So says a new genetic study that examined samples from 4,283 individual sharks. It found 574 species, and 79 of these are likely new species.
These new species are actually cryptic species. A cryptic species is one that is suddenly discovered from a population of what appear to a species already known to science, or it can happen when two populations that have been classified as the same species turn out to have quite a bit more genetic diversity than was previously thought.
For example, Naylor’s work suggests that the endangered scalloped hammerhead (Sphyrna lewini) is actually two separate species. “Scalloped hammerheads in general have taken a huge hit, so it may be even worse than has been documented if there’s more than one species out there,” he says.
Now, this is really an interesting find.
I’ve often wondered if our traditional classification of shark species would withstand molecular genetic analysis.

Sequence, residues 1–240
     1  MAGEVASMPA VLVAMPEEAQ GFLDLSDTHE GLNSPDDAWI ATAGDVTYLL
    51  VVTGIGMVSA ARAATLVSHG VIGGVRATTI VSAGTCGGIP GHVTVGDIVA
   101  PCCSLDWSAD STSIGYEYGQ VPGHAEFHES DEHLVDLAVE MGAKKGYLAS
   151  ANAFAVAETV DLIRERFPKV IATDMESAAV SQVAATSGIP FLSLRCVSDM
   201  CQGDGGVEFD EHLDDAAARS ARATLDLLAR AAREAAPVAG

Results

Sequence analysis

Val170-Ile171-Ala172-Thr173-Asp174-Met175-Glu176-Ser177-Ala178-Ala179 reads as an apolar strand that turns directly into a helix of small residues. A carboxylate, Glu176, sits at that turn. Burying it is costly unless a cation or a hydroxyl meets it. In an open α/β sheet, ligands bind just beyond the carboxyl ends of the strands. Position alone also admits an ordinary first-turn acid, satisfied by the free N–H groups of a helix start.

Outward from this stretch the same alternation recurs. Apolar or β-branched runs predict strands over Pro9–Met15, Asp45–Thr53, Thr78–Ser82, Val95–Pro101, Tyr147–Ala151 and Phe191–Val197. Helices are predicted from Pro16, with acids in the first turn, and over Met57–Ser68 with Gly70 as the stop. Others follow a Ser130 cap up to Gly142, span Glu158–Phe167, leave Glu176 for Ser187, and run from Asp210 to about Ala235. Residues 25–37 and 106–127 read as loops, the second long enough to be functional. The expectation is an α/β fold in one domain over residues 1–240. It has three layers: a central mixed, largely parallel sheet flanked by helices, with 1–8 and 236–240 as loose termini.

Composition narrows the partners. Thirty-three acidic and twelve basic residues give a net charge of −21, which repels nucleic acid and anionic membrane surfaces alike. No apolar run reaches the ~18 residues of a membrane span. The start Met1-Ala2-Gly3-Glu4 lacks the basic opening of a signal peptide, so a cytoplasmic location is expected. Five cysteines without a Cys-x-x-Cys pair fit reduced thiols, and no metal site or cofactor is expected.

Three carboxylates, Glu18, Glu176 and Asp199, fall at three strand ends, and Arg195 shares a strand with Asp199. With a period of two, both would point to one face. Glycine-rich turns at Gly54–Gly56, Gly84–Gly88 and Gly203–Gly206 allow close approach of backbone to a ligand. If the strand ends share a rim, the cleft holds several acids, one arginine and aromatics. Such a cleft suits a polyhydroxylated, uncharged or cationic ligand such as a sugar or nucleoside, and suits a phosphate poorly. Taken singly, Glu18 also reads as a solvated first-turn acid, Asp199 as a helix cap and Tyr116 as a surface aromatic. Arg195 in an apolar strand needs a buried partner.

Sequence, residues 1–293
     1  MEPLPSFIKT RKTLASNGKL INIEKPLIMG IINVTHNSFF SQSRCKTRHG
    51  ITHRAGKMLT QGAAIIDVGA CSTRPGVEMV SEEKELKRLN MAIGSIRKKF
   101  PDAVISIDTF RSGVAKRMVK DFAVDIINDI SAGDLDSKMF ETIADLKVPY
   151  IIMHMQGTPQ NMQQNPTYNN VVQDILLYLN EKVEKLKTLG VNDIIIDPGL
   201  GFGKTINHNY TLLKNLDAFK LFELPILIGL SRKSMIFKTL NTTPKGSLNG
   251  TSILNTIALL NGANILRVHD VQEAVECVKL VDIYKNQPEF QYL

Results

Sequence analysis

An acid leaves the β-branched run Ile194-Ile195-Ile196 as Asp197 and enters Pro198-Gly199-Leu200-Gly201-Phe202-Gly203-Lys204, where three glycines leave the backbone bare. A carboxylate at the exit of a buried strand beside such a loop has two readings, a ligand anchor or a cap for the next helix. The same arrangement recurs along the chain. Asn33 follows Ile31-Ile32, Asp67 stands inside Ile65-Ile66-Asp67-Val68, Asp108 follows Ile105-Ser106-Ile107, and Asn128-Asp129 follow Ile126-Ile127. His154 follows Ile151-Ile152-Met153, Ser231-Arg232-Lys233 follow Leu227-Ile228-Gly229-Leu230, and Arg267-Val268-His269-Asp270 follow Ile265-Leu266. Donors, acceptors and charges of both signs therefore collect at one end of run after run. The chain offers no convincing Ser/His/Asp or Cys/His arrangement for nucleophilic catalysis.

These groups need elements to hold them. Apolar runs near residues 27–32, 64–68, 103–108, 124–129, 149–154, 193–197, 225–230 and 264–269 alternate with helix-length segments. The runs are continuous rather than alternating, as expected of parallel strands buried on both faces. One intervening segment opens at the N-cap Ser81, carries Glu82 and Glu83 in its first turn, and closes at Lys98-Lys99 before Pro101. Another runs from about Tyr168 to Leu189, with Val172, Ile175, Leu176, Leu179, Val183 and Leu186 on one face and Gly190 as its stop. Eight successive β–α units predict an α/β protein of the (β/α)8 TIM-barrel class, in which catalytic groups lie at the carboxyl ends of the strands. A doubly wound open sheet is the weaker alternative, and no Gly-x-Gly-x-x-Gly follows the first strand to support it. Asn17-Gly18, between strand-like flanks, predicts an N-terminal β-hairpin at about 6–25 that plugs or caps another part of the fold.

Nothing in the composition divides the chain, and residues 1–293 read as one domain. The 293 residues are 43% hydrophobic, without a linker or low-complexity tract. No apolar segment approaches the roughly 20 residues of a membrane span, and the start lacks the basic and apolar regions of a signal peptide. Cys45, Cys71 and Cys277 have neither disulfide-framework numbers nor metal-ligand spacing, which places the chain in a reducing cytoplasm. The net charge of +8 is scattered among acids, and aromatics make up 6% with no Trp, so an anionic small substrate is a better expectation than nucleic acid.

It doesn’t look like it will.
For example, I’ve often questioned whether all the sand tiger sharks (Carcharias taurus) are all really of the same species. These sharks are found only near coasts, and they are found in quite isolated populations in different parts of the world.
I bet there isn’t much gene flow between those populations– if any– and they likely have been reproductively isolated for a fairly long time.
Sharks have been around for a long time, and even modern species have had more than enough time to experience multiple divergences from a common ancestor.